Microsoft Lures Windows Phone 7 App Developers with Cash

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In a race to catch up with Apple's App Store lead, Microsoft is offering cash incentives to developers in exchange to building apps for its upcoming Windows Phone 7 mobile operating system, a company executive told Bloomberg Businessweek.

The first Windows Phone 7 devices are expected to arrive later this year, and Microsoft is gunning for Apple's and Google's myriad of developers by offering incentives ranging from free tools and test handsets to development funds and revenue guarantees.

Microsoft is a latecomer to the new generation of smartphones, and its Windows Mobile Marketplace for Windows Mobile 6.X devices has not fared very well with developers, who flocked mainly to Apple's and Google's mobile platforms. There are more than 225,000 apps for Apple's iOS, and more than 60,000 for Google's Android. Microsoft has 1155 apps in the Windows Mobile Marketplace.

To make a mark and turn around its mobile business, Microsoft will have to match rivals' offerings, so that Windows Phone 7 customers can download apps to their new devices later this year. Apps are even more important, as hardware parity starts to set among mobile devices, and software offerings take the spotlight in consumer preferences.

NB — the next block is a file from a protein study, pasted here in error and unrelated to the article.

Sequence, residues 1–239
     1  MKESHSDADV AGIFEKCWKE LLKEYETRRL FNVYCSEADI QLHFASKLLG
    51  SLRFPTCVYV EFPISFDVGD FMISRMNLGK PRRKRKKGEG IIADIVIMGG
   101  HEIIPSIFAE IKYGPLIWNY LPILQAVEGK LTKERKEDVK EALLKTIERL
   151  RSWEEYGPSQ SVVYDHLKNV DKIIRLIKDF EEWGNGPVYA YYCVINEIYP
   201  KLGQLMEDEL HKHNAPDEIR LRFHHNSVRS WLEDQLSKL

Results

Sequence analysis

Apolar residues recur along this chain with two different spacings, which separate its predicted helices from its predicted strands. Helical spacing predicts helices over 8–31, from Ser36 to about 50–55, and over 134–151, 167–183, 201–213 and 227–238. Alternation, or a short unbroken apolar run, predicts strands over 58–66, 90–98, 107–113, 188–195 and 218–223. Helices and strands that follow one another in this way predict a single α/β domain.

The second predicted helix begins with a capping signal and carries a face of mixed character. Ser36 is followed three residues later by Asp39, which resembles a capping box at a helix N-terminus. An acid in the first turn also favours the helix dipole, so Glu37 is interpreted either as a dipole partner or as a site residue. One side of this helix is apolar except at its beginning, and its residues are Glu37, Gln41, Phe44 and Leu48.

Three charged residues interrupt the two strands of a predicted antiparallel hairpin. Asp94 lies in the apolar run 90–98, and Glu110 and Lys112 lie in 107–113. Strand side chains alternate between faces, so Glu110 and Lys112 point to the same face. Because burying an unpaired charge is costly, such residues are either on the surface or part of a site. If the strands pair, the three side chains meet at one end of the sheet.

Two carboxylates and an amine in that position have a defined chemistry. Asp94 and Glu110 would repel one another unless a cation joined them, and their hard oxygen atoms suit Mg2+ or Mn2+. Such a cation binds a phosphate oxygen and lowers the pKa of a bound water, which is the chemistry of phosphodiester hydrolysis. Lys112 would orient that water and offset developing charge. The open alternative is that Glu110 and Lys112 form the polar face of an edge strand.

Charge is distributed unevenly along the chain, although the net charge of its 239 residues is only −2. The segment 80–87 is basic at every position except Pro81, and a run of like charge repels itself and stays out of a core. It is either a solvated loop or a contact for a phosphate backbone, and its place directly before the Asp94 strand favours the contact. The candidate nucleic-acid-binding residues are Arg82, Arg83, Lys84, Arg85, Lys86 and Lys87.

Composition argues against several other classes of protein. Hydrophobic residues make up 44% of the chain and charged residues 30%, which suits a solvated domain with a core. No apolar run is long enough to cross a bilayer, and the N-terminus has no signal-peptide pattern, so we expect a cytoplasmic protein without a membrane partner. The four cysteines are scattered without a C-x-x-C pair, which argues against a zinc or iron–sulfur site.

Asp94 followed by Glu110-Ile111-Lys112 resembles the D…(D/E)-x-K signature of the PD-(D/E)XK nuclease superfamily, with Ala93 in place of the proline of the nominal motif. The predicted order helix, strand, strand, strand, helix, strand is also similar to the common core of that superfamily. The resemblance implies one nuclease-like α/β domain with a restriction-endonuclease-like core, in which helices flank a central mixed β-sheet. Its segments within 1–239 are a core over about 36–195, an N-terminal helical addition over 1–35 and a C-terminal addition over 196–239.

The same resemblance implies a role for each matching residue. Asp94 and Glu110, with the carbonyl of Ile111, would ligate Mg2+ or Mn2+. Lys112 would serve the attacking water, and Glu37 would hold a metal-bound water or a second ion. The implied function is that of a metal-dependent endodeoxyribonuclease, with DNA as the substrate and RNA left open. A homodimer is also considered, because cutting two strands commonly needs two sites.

Because Microsoft's Windows Phone 7 platform is built from scratch, the software giant needs a whole new batch of apps for its latest mobile OS, as older applications will not be compatible. So to garner apps for the launch of Windows Phone 7, Microsoft is paying developers to build applications for its platform.

Last month, Microsoft launched a contest to generate ideas for possible mobile apps, in an effort to promote its platform.

Different App Stores, Different Strategies

At least four app developers were offered cash by Microsoft to have their Windows Phone 7 app ready for the launch of the OS, according to the Bloomberg Businessweek report. Microsoft's deep pockets are said to offer assistance with both development costs and revenue guarantees, in case app sales do not perform as expected.

Apple, with more than 40,000 developers on board, offers 70 percent of the revenue from app sales to developers. Apple hosts the largest mobile applications store, reported to have 99.4 percent of all mobile app sales, and said earlier this year it paid more than US$1 billion to developers since the App Store opened in 2008.

Google, which holds the second-largest application store, has also ramped up competition against Apple. The company released earlier this week a Web application called App Inventor that allows users with little technical know-how to build basic Android apps, in a bid to beef up the numbers in the Android Marketplace.

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